Gentlemen of Intriguing Appearance: Paddy Considine
Here is a man whose reputation I knew of before I knew his work or anything about him. A name that seemed to inspire reverence and awe. At first I shrugged it off as hyperbole.
Then I watched a film or three, and I too was a convert.
I was told about Dead Man’s Shoes, probably the best known of his several collaboration with writer/director Shane Meadows, by friends of friends at the pub. They clearly held the film with a kind of reverence only certain films ever have bestowed on them, that this film Meant Something to them beyond just a good night at the cinema or in front of the telly. That Paddy’s name was mentioned several times in the conversation was indication that it was due, in no small part, to his role in the film.
Of course, Paddy does seems to have that effect on men (women too, but you tend to expect it). I was at the Q&A held at the local Arts Picturehouse for his film Tyrannosaur, which he both wrote and directed, and a fellow male audience member practically hyperventilated from being awestruck as he asked his question. My sense wasn’t that this was romantic infatuation, but the draw to a kind of charisma that only few people have. With Paddy Considine, it’s not really surprising; he comes across as passionate about what he does as well as being down to earth, both fierce and kind.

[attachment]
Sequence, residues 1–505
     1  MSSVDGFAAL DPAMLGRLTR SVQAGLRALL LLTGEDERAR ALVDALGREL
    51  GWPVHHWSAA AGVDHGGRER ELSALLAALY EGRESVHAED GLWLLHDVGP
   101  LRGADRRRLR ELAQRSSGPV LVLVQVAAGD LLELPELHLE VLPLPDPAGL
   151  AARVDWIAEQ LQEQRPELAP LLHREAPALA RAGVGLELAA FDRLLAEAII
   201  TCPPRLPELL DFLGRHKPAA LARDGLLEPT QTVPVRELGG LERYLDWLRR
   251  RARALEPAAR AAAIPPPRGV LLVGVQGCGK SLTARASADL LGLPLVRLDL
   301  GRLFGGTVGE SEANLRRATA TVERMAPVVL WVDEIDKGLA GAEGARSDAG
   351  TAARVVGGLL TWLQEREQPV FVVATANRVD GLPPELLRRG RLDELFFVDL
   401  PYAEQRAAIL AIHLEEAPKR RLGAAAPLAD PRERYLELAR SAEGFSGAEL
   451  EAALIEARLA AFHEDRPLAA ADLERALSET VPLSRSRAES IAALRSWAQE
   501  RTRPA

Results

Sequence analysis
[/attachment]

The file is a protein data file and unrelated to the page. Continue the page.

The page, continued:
I suspect my interest is more related to his talent than his looks per se; as much as his turn as Porter Nash in Blitz (with past Gentleman Aidan Gillen) had a physical draw, it was how he embodied the character that had me impressed – elsewhere, Paddy appears fairly blokely (in a good way), while in as Nash, he plays a gay cop whose sexual identity is apparent without resorting to cliched campness.
But what is it for me that works? He’s more ‘handsome’ that I would normally be draw to, though not in the square-jawed high cheek-boned way of a major Hollywood. It’s your everyday handsomeness, the fella who you pass on the way to work and look at for longer than others you pass because of that special something. He also has one of those forlorn, slightly hang-dog face that you want to cheer up with a big hug.
And when you do get a smile, it is bright and sunny. But boy, you wouldn’t want to meet many of his characters when pissed off, with perhaps the exception of the more staid Mr Whicher (I still haven’t seen the second of the made-for-TV films The Suspicions of Mr Whicher, but the first is well-worth a look for fans of historical dramas and crime stories). It is the intensity with which he enters his characters and conducts his creative life that above all is so appealing.
This week, I’ll be taking myself off to a screening of the Blood and Ice Cream Trilogy at the local cinema. Will be seeing his turn of one of the Andy’s in Hot Fuzz, and will be delighted to be surprised by whatever he does in The World’s End.